In 2016, it was reported that the UAE had one of the world’s highest rates of vitamin D deficiencies with as many as 86% of people suffering to varying degrees from a lack of vitamin D. *
Although vitamin D supplements can be helpful, leading UAE doctors agree there really is no substitute for rejuvenating our bodies with the vitamin D provided the sun’s rays – provided we bask in the sunshine responsibly.
The Time of Day
Overexposure to sunlight does not increase vitamin D levels. However, prolonged and consistent time in the sun will cause an elevated risk of skin cancer, heat stroke, and cause dehydration.
For your body to produce an appropriate amount of vitamin D to counteract depleted levels, the best time of day to step outside is in the midday sun. Vitamin D production is stimulated by short wave ultraviolet (UVB) rays and they are at their strongest at midday.
According to leading dermatologists, exposing your hands and arms to sunlight for a few minutes three times a week at the height of the midday sun is enough to absorb enough vitamin D to increase overall health and well-being.
Those with darker skin pigmentation may need a longer exposure to the sun than those with fairer complexions. Melanin in the skin reduces the body’s ability to generate vitamin D from sunlight, therefore for the body to absorb the necessary amount, those with darker skin pigmentations need to spend longer in the sun.
Conversely, if you have a lighter skin pigmentation it’s important to exercise caution when sunbathing in warmer temperature. The reduced count of melanin results in an increased number of colorful properties in the skin, meaning that UVB rays can be absorbed easier, increasing the chance of the skin becoming damaged when spending prolonged time in extreme temperatures.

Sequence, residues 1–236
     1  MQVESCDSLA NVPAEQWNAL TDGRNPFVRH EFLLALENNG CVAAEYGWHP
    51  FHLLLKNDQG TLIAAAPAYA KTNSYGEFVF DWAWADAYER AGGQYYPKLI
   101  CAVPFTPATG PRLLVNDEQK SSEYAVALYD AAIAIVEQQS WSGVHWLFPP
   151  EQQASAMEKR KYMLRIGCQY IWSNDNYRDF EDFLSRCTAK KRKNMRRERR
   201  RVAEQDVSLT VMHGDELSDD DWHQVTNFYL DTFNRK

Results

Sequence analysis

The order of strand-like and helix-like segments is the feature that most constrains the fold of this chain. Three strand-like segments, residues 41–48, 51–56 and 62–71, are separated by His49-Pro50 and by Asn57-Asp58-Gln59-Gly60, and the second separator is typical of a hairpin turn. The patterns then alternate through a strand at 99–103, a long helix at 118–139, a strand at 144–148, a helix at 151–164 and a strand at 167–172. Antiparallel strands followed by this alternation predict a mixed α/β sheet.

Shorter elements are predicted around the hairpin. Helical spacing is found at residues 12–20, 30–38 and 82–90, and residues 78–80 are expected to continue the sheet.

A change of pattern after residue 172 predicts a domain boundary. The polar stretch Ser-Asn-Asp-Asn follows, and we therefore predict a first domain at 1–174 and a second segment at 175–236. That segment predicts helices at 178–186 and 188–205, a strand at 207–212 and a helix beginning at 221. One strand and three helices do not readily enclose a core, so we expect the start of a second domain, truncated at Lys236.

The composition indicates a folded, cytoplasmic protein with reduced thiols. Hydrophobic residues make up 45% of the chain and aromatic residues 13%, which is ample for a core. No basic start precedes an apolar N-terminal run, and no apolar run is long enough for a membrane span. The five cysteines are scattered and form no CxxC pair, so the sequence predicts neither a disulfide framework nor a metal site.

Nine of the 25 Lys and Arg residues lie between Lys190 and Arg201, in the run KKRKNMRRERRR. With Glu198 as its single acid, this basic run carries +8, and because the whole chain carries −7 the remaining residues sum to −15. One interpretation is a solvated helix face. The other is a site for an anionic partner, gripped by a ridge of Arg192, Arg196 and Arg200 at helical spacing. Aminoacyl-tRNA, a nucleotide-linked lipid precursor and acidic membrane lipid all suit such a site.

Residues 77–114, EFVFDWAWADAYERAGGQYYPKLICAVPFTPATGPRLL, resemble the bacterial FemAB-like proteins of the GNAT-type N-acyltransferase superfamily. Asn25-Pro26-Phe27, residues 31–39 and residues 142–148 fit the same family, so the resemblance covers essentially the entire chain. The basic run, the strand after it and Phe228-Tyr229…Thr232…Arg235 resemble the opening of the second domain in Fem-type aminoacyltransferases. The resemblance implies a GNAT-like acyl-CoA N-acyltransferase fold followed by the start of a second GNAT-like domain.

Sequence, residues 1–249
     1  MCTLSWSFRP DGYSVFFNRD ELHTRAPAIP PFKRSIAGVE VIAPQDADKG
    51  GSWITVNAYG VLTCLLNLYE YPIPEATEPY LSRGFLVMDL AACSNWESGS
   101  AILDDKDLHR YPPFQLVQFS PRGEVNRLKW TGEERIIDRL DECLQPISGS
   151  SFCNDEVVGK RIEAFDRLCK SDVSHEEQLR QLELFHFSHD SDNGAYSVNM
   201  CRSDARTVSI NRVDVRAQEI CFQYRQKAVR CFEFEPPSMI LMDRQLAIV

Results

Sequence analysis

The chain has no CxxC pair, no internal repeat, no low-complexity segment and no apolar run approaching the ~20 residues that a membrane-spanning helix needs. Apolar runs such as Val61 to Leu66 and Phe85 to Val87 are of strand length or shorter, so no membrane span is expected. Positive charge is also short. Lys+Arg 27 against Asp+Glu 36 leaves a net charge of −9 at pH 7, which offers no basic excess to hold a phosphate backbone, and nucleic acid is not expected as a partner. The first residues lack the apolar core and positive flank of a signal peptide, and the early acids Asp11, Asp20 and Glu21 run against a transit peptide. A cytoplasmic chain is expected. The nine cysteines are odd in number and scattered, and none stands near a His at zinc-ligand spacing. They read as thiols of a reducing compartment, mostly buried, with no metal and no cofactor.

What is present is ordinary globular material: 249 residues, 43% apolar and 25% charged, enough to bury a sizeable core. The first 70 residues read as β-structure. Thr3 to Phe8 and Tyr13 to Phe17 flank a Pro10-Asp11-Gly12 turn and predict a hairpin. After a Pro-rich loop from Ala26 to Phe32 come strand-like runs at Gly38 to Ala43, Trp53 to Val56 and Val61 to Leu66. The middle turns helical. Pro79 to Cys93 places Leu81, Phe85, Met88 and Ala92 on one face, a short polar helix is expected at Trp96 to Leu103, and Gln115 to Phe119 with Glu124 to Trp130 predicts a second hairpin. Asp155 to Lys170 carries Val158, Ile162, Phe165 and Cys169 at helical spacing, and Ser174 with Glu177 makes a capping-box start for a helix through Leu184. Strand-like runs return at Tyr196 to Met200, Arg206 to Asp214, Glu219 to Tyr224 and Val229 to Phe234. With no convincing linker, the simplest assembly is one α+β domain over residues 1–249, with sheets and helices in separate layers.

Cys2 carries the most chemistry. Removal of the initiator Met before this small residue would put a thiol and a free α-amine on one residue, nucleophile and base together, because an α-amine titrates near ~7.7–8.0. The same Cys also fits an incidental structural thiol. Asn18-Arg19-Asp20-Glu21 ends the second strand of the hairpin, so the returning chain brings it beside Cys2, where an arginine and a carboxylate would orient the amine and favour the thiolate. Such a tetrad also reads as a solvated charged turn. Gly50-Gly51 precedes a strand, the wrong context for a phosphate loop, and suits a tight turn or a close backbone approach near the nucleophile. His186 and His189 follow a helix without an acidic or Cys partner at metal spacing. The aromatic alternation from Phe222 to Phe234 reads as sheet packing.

It’s also important to consider the seasonal variations in temperature and time of day to absorb a healthy amount of vitamin D from the sun.
In the winter, the optimal time for your body to absorb sunlight is in the hours between 10am and 2pm. It’s important to adjust an exposure length of time according to the temperature outside. Even in the slightly cooler winter months, where the average temperature is 25 degrees Celsius, basking in an uncomfortable heat for hours at a time is discouraged.
At the height of the summer season, it’s important to avoid continual exposure to the sun. Not only does this increase the risk of getting heatstroke, but it can also increase your chances of being diagnosed with skin cancer.
Avoid peak heat in the summer by stepping out into the sunlight between the hours of 9am to 10:30am and 2pm to 3pm. Not only is the temperature more comfortable but any UVB rays can be easily absorbed into the skin.
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